After an eight-month unofficial cease-fire, the border conflict between Ethiopia and Eritrea in the Horn of Africa has returned with a vengeance. Shooting began in the beginning of February in the Badme triangle, a desolate area of borderland that is claimed by both sides. It rapidly escalated to other parts of the border further east, including a disputed zone 70 kilometres from the major Eritrean port of Assab.
Ethiopia has brought in fighter aircraft and helicopter gunships. Whilst both sides are pouring out a barrage of media propaganda, it is clear that there are hundreds of casualties. Since the first round of the conflict in May and June last year, there have been repeated attempts by the Organisation of African Unity (OAU), the United States and the United Nations to broker a peace deal. This week the European Union are also attempting to intervene, backing an OAU peace plan that demands the Eritreans withdraw from the disputed border regions they occupy. Both sides are continuing to ignore the pleas for peace and have used the last eight months to build up their armaments.
Although they are among the poorest countries in the world, Ethiopia and Eritrea have scraped together hundreds of millions of dollars to buy aircraft and military equipment. Ethiopia bought eight Sukhoi 27 fighters and Eritrea a similar number of MiG-29 interceptors. Neither side has pilots or technicians for the planes and so they are hiring them from Russia and Eastern Europe. Both have purchased helicopters and helicopter gunships, and are as well building up ammunition and refurbishing existing aircraft and tanks.
What is remarkable about the war is that the two countries were until recently allies, formed out of movements fighting against the Soviet-backed military dictatorship of Mengistu Haile Mariam, which collapsed in 1991. The Eritreans had fought for 30 years, the longest war in Africa, and gained independence from Ethiopia in 1993. The Eritrean Peoples Liberation Front had built an alliance with the Tigrayan Peoples Liberation Front, which together with other oppositional groups brought down the Mengistu regime in 1991 and formed the present Ethiopian government.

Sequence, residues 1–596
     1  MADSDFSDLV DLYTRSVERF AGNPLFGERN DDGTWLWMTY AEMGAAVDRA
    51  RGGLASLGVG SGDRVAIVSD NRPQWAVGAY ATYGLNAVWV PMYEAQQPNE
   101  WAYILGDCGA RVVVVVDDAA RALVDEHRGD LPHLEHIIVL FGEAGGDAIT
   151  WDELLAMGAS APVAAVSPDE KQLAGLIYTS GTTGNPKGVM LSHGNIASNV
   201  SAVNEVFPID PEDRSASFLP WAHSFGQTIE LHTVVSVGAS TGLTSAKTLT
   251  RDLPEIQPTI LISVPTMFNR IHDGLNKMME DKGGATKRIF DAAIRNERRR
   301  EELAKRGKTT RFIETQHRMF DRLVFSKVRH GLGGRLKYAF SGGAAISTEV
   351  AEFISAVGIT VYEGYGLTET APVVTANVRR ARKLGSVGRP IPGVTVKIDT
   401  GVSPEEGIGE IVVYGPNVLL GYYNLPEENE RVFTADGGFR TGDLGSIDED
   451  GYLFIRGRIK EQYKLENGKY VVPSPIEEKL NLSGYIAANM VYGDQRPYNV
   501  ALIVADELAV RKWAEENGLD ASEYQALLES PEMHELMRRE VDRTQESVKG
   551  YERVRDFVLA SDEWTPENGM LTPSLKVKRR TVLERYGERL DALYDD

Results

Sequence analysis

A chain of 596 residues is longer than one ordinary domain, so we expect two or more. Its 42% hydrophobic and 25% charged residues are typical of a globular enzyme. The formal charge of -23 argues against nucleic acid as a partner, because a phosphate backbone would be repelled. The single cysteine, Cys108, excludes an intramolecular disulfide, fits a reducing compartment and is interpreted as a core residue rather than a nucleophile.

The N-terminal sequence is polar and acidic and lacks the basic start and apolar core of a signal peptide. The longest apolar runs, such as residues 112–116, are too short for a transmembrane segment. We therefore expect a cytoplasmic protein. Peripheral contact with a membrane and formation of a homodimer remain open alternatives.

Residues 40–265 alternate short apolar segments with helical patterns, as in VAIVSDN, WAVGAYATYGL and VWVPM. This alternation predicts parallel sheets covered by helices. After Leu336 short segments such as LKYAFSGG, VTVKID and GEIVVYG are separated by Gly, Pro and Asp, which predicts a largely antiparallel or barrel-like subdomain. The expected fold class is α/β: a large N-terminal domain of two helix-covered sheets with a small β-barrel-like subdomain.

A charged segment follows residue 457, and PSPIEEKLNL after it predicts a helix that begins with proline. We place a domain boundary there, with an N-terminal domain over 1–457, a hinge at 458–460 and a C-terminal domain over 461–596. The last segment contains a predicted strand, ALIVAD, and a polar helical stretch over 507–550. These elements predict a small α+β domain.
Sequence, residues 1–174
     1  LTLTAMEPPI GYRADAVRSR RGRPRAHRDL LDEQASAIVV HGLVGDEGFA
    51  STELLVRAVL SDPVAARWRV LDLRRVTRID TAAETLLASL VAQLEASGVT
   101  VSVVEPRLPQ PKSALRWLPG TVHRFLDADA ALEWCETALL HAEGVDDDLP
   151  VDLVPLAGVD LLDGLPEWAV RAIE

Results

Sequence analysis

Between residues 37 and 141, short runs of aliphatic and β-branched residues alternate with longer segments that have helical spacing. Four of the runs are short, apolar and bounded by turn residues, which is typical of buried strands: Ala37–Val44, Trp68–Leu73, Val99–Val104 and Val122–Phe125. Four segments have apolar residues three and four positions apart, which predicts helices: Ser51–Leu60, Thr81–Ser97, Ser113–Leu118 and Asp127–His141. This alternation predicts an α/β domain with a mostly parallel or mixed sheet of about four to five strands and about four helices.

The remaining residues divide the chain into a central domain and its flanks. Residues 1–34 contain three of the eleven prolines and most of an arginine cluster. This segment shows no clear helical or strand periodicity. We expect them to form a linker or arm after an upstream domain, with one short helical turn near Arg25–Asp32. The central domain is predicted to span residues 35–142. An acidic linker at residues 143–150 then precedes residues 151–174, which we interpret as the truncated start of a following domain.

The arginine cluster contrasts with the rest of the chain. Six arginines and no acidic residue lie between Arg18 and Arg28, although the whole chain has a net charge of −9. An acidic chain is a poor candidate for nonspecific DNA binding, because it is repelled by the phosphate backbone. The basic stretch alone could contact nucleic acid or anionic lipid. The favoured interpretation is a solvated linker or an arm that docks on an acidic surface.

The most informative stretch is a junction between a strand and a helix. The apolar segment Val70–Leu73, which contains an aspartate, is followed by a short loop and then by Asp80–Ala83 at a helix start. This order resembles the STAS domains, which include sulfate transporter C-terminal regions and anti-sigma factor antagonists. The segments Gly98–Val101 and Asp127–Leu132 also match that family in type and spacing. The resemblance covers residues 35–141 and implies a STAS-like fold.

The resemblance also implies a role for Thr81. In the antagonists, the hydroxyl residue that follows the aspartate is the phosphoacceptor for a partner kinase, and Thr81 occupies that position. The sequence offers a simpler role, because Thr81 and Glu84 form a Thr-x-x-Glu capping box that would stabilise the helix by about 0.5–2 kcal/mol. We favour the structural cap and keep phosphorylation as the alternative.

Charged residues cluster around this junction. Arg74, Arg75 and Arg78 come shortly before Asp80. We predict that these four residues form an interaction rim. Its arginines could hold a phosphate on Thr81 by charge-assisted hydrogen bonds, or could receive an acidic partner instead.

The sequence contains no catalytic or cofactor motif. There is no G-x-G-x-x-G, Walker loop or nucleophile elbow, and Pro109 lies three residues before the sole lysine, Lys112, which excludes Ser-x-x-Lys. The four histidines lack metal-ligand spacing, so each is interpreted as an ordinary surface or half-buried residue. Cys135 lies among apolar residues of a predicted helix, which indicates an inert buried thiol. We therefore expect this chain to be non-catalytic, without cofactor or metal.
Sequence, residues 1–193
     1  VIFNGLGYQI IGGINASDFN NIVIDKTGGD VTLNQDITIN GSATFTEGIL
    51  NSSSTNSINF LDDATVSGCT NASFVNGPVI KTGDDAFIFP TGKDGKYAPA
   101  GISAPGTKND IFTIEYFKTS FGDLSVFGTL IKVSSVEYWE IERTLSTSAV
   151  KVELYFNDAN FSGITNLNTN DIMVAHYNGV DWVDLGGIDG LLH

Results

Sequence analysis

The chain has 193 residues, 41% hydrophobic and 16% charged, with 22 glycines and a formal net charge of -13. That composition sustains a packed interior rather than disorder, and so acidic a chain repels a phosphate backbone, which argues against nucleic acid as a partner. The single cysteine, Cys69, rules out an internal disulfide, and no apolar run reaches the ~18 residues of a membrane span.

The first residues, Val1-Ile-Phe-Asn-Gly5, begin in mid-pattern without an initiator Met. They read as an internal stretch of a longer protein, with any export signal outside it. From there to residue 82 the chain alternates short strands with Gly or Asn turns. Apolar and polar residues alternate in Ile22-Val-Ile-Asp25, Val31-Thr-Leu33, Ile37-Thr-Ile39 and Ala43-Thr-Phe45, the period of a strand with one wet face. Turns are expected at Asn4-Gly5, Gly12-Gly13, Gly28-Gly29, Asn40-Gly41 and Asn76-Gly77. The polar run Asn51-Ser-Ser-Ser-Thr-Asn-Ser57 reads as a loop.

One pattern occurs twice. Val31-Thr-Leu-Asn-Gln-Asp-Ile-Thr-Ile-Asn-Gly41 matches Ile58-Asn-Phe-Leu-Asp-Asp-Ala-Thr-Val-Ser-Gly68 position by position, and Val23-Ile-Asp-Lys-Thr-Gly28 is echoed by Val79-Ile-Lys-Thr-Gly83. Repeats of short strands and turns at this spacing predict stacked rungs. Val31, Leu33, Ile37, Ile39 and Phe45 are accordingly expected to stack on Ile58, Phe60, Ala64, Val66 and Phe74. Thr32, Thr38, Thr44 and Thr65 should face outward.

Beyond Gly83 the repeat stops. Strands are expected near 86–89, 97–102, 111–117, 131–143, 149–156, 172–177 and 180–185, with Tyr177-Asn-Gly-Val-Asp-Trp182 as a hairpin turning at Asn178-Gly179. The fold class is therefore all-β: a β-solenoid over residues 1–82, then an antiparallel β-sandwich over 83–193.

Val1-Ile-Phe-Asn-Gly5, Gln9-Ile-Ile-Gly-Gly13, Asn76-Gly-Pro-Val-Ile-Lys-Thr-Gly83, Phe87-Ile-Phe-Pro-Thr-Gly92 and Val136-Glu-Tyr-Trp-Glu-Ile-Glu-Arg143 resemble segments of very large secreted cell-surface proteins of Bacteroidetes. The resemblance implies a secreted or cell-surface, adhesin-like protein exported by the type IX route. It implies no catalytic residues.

The leaders of both movements--Issaias Afwerki, now president in Eritrea, and Meles Zenawi, now prime minister in Ethiopia--once declared themselves to be socialists. By the 1990s they had embraced the free market and sought to attract foreign investment. Both were praised by the United States and hailed during President Clinton's visit earlier this year as the new type of African leaders who are prepared to do business with multinationals. Along with Uganda, Rwanda and the Democratic Republic of Congo, Eritrea and Ethiopia were cited as part of an "African renaissance"--countries that would further the imperialist interests of the US and Western powers in the continent. They received particular backing from Washington in its attempt to destabilise the neighbouring regime in Sudan.
The war exposes the hollow rhetoric of US and EU diplomacy. Until this month there was no attempt to place an arms embargo on the countries or to prevent them raising funds for war from their citizens throughout the world. None of the Western governments have any intention of halting the lucrative arms trade. Their concerns are sources of cheap raw materials, potential for investment in the region, and the strategic position of the Horn of Africa.
The war also serves to reveal the dead-end into which nationalism has dragged Africa. Until recently, peoples of both counties passed freely across the border. Now tens of thousands of Ethiopians who previously worked in Assab and the ports of Eritrea--Ethiopia has no sea access--have been sent home, and similar numbers of Eritreans expelled from Ethiopia.
The disputed border has no rational economic or geographic basis. It was imposed by Italy under colonial occupation, when Mussolini used Eritrea as a base from which to take over the whole of Ethiopia.
The build-up to the present conflict was in 1997 when Eritrea, although its population is one-fifteenth that of Ethiopia's, unilaterally introduced its own currency. Eritrea's bid for more economic independence increased tensions over the port of Assab, traditionally the port for the whole of Ethiopia, and this escalated into disputes over the 1,000 kilometre-long border between the countries.